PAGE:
After the military’s intervention on July 3rd that removed elected the Islamic Government from power clashes between pro-Morsi forces and military units have shown no signs of abating. This appears to be caused in part by the misguided rush to elections without accounting for the institutions that are necessary for a transition of power. In short, a democracy is defined more by the peaceful transition of power and not elections. Robert Gates writes:
A major reason for the relatively democratic outcomes in Southern Africa is that the new regimes left the former oppressors in possession of a political hostage; the private economy… Should the retreating tyrant and his followers own industries or banks, should they control capital, physical or financial, should they, in short, possess economic power, then those seeking their political surrender should respect their rights.
By focusing on Namibia and South Africa’s successful democratization Bates crafts the argument that a meaningful transition cannot simply replace one ruling group or individual with another. With this in mind, Bates goes on to say that democracies are never born out of true revolutions as a nation must incorporate some elements of the old regime into the new system of governance. Take the American Revolution for example, while the states did remove their former colonial masters one of the first things the founding fathers did was to establish British Common law as a legal framework. Furthermore, they kept the British as a valuable trading partner so it cannot be called a pure revolution there was an underlying alliance of old regime and new.
Adam Przeworski writes in his book Democratization and Markets that succesful democratic transitions are born out of agreements between reformers, the old regime and moderates within the opposition. This does require that the moderates can neutralize or control the radicals and hardliners within their own group.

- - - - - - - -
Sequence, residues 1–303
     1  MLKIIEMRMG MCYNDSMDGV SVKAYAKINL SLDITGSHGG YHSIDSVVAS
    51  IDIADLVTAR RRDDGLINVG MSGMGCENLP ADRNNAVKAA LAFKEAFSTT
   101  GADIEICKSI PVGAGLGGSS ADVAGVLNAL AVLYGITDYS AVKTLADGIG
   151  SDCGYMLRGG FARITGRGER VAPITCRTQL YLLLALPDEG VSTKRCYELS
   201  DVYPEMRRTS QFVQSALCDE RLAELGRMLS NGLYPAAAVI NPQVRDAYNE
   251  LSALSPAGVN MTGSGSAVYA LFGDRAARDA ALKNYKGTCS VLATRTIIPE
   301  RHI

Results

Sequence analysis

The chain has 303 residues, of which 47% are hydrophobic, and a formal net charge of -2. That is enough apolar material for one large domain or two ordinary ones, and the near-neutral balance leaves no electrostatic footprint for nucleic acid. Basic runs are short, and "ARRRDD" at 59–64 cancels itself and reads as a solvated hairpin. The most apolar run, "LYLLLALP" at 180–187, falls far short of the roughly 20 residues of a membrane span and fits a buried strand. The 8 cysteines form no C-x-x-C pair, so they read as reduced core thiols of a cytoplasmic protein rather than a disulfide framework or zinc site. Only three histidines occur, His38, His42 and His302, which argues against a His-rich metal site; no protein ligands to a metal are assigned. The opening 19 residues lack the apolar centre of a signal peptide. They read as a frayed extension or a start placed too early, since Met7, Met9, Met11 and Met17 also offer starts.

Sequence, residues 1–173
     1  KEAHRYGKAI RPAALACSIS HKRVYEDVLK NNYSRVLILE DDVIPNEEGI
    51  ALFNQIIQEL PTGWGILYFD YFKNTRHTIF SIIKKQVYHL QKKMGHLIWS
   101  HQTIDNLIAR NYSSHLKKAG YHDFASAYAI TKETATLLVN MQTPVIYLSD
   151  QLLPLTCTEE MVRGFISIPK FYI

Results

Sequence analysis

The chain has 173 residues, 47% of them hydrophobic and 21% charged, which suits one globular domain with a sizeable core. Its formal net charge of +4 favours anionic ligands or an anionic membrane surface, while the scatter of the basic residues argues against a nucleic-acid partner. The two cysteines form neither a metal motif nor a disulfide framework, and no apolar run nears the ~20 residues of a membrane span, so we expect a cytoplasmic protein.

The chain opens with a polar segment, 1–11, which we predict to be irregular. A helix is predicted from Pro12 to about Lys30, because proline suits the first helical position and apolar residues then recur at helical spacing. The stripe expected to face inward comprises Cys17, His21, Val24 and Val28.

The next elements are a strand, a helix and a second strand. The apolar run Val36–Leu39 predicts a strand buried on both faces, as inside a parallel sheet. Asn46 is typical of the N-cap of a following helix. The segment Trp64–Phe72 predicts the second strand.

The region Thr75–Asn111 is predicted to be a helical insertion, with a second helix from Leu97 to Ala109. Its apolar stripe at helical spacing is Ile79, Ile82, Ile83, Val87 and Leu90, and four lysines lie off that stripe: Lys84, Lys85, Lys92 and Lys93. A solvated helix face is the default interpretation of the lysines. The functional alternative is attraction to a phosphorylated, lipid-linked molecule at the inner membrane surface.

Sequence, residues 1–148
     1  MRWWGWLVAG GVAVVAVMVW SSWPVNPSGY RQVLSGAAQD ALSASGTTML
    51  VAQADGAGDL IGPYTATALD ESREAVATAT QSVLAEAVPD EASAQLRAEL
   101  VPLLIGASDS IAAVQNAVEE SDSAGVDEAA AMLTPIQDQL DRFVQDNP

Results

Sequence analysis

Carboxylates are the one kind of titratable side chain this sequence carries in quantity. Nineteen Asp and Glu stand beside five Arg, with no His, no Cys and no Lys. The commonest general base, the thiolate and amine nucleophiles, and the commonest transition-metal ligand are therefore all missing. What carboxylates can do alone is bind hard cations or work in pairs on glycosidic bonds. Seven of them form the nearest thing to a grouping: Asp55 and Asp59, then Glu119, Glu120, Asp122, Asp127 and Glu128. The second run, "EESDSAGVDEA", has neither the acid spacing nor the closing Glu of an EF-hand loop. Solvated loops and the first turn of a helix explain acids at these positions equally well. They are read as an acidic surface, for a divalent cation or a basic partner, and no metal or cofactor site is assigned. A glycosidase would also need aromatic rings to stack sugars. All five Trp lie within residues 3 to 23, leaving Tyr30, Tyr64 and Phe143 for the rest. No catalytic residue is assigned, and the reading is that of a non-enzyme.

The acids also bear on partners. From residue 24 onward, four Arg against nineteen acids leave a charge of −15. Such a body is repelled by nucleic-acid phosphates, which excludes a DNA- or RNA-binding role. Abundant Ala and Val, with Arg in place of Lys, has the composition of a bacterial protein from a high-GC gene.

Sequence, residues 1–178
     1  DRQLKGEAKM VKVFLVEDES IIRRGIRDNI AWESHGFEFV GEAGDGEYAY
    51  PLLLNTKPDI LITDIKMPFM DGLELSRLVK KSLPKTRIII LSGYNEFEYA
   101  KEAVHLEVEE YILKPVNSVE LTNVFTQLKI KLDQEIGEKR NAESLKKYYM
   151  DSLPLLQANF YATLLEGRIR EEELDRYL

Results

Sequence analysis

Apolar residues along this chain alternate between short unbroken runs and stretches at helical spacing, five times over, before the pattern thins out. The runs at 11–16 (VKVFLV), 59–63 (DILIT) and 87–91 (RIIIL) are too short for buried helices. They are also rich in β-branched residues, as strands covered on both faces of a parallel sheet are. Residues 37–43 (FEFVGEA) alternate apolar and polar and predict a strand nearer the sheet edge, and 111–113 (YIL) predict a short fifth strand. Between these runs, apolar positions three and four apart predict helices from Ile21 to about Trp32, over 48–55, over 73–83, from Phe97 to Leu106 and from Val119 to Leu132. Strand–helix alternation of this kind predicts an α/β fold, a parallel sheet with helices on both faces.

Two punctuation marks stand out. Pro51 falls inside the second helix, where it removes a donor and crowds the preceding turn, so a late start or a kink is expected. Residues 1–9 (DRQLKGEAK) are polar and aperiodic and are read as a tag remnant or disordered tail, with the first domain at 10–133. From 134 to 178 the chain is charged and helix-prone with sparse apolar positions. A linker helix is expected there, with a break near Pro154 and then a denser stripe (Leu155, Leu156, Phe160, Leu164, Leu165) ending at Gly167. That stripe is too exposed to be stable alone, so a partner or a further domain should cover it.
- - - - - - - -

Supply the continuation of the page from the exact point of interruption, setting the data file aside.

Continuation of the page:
In Egypt this didn’t happen. Underpinning the old regime were the commercial interests and military, an alliance that was broken on July 3rd when the military overthrew the commercial elite and sided with the opposition. Przeworski would argue that this left Egypt with little to build on and the transition would fall apart. Not sure I agree with the former but he’s dead on with the latter.
The writings of Bates and Przeworski segue nicely to Sam Huntington and Robert Dahl both of whom argue that institutions of government must precede elections and the expanse of participation. By gradually expanding participation, newcomers to the system cannot destabilize the system due to their small number and thus democracy begins its modernizing affect.
The rush to electoral politics has been felt in Egypt, Libya and in Tunisia as well. Egypt’s military is better suited to handle the transition to power due to its identity and respect of the people but in order for those to be maintained it must stop the attacks on pro-Morsi demonstrators. Furthermore the ban on religions that is currently being considered will most likely fail although a mandated separation of religion and politics a la Turkey may be a better alternative.
While Bates, Huntington, Dahl and Przeworski all make solid arguments they seem to ignore that the countries of the Arab Spring face a unique challenge in the age of Youtube and internet news. When the whole world is watching how can a society slow the race of democracy and individual rights?